As any sufferer of migraines will tell you: they are no fun. The light and noise sensitivity, the nausea, and the visual distortions can be debilitating and there are many other possible symptoms including pins and needles, numbness and even paralysis. And the only thing worse than a migraine is a recurring migraine: sufferers experience on average one migraine every month. They can be triggered by a huge variety of factors – not just chocolate and red wine! – and for many, the trigger is a combination of factors, each of which can be individually tolerated. This makes it a complex condition to predict and to treat and as such there is a wide range of treatments available, include preventative medication. What works for one person may be no benefit to another, so it is very much up to the individual to work out what works for her (twice as many women suffer migraines as men).
Massage therapy is one option to help manage migraine episodes and can help alleviate the pain and potentially reduce the frequency of migraine headaches.
How massage therapy can help
- Tension relief. Massage, as we have written about many times, helps to relieve tension. Where the migraines are triggered by muscle tension – commonly in the neck – a massage might provide some relief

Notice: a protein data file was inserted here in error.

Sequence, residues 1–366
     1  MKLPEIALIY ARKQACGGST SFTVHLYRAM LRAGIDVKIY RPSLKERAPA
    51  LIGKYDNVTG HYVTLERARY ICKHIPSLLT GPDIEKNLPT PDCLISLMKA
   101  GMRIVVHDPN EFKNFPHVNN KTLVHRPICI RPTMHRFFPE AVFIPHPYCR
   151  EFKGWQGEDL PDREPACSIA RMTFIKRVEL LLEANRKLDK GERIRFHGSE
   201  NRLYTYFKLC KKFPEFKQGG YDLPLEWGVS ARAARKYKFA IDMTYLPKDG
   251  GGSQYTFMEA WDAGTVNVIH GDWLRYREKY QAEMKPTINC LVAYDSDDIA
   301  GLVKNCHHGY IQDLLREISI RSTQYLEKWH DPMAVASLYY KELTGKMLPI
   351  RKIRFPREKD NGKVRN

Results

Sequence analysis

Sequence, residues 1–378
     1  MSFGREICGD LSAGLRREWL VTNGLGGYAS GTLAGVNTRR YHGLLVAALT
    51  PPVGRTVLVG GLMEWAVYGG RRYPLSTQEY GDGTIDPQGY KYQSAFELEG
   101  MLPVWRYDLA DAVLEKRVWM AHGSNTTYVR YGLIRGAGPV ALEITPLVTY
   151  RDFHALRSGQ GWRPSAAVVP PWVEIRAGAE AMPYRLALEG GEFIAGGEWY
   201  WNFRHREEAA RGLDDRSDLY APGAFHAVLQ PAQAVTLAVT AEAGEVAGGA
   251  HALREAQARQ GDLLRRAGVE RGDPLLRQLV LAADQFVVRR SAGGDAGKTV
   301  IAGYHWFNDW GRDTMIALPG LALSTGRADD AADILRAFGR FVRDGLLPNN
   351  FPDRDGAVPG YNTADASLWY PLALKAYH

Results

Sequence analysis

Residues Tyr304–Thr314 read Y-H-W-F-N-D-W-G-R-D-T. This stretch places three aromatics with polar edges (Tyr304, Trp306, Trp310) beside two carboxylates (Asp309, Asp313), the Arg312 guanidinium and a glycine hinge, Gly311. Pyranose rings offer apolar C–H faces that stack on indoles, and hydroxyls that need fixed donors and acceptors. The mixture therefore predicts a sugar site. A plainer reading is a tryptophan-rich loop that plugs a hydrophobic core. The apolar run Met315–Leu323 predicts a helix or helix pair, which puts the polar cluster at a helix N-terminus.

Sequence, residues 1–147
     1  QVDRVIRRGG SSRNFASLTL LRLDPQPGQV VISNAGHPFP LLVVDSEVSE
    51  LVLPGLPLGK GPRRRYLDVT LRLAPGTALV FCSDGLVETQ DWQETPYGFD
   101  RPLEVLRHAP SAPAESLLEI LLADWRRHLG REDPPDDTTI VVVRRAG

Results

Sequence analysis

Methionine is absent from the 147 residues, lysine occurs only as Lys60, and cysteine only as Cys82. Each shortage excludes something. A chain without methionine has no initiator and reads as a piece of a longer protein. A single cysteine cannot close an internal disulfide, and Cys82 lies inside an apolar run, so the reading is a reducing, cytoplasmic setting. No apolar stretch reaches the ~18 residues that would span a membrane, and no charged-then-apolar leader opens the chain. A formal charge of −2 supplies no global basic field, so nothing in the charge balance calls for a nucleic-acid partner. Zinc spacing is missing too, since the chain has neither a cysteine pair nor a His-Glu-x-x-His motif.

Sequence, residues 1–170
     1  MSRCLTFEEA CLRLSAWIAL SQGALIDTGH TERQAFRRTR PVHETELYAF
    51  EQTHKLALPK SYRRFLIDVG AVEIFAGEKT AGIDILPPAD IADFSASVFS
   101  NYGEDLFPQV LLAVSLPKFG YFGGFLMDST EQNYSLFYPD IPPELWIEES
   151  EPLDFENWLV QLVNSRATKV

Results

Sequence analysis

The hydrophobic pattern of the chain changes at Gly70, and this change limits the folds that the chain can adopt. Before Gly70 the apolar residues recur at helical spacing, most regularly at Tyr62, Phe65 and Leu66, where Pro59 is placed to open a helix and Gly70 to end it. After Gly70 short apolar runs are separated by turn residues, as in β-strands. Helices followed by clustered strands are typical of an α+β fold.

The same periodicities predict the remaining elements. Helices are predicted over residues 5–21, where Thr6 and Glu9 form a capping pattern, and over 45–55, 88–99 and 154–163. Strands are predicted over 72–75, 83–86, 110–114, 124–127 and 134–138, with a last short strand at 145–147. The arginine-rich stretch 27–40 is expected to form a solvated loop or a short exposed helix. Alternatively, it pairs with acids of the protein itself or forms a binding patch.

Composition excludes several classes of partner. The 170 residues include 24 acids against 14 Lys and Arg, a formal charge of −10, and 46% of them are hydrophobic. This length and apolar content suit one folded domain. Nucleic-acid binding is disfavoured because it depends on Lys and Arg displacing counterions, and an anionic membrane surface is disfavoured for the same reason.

- Reduced serotonin. An abnormally low level of serotonin has been linked to migraines, and conversely massage has been shown to raise serotonin levels. So not only do you enjoy the uplifted mood brought about by higher serotonin, you might see some reduction in migraine frequency
- Easing pain signals. Massage is used to manage pain caused by a wide variety of conditions and there is no reason the same doesn’t apply for migraines
Although clinical studies on massage therapy and migraine pain are limited, there is some evidence that massage really can help migraine sufferers. In a 2006 study, a group of 47 migraine sufferers showed that those that received massage therapy as part of their treatment had reduced migraine episodes. The participants also reported better sleep during the weeks in which they received massage therapy.
Beyond pain relief massage offers many other benefits including reduced stress and anxiety, reduced muscle tension and improved flexibility and improved immune and circulatory systems.
So why not talk to your GP about supplementing your migraine medication with massage therapy. Our London massage therapists have helped many clients deal with headaches. If you suffer from migraines, adding massage to your routine may be the solution you have been looking for. There is no harm in trying – you might find a good substitute that lets you give your body a rest from medication. In the very worst case, you enjoy a relaxing massage! If you are finding that it helps, we recommend making a regular appointment and seeing if the frequency of migraine episodes is reduced.
Thanks for reading!